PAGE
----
Today's news

January 6, 2006

Johnson hits the web in search of student guidance
Boris Johnson, the recently appointed Shadow Minister for Higher Education, has gingerly dipped his toe into the academic debate with an appeal for ideas from students on his blog. The outspoken journalist, columnist and politician, in his first public comments in the role awarded to him by David Cameron in December last year, has started an online debate on the future for the Conservative's higher education policy with a promise that his comments may be unguarded, but "so what?".
The Guardian

University honours 1960s star
The singer Engelbert Humperdinck is to be awarded an honorary degree by Leicester University for his tireless charity work and services to his home city. Fans of the veteran singer were disappointed earlier this week when his former chart rival Tom Jones received a knighthood in the Queen's New Year Honours, but the Leicester-born star was ignored.
The Guardian , The Times , The Independent

Screening will pick up more diseases in embryos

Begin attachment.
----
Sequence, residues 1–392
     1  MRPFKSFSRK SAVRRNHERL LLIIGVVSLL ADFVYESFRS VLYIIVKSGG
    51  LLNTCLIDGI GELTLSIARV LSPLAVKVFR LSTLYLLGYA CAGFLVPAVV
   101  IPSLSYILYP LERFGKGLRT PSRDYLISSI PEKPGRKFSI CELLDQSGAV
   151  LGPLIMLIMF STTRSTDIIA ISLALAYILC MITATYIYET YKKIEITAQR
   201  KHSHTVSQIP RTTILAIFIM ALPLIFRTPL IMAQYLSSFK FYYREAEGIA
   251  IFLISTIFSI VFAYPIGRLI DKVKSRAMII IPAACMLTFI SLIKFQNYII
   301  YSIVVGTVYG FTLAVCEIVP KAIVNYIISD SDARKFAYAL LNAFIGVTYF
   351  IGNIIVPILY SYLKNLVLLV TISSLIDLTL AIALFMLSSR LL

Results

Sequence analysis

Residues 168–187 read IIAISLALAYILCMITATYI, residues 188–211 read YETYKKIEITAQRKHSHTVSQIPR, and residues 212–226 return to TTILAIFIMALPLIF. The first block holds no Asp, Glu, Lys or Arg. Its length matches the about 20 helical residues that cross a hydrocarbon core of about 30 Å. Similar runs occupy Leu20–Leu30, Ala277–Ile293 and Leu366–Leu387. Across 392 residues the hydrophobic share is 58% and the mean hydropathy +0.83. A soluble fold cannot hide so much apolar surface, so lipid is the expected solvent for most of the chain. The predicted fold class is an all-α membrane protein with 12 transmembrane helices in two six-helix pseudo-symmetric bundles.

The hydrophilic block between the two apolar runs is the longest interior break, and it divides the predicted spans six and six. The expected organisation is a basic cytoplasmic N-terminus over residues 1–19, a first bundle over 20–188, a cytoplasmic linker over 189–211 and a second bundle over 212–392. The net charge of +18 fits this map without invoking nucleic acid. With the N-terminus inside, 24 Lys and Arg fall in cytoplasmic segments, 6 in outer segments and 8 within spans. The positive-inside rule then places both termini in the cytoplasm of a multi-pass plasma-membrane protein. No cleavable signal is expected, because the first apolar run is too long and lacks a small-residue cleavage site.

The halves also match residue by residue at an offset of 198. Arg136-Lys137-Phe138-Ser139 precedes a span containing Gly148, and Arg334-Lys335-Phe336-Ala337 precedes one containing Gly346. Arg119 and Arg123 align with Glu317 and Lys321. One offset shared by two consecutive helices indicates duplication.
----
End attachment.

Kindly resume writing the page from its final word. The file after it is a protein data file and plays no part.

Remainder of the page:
Doctors may soon be able to screen embryos for thousands of individual genes that cause inherited disease, using a technique that has been refined by British researchers. A procedure known as multiple displacement amplification will dramatically enhance the efficiency of pre-implantation genetic diagnosis, which is already used to look for inherited defects before embryos are implanted into the womb.
The Times

Long-distance laser brings Mercury closer to Earth
Astronomers have set up the longest laser communication link - a distance of nearly 15 million miles from Earth to a probe on its way to Mercury. It is the first demonstration of a technology that will one day be used to communicate with satellites and test some of the fundamental ideas in physics. The laser beam was sent by Nasa to the Messenger spacecraft, which left Earth in August 2004 and will reach Mercury in 2011, to test the probe's instruments.
The Guardian

Outlawing fishing 'would help save coral reefs'
Marine biologists may have found a simple way of preserving tropical coral reefs that are threatened by pollution and climate change - ban fishing. A study of a coral reef in the Caribbean has found the coral improves significantly when fishing is outlawed. Bans allow big predators such as sharks and groupers to prey on smaller parrotfish, which graze on seaweed living on the coral. Research by a team led by the marine biologist Peter Mumby, of Exeter University, found that although the presence of big predators caused parrotfish to decline, it results in some parrotfish growing bigger, allowing the coral to be grazed more efficiently.
The Independent

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James Fryer illustration (27 July 2017)

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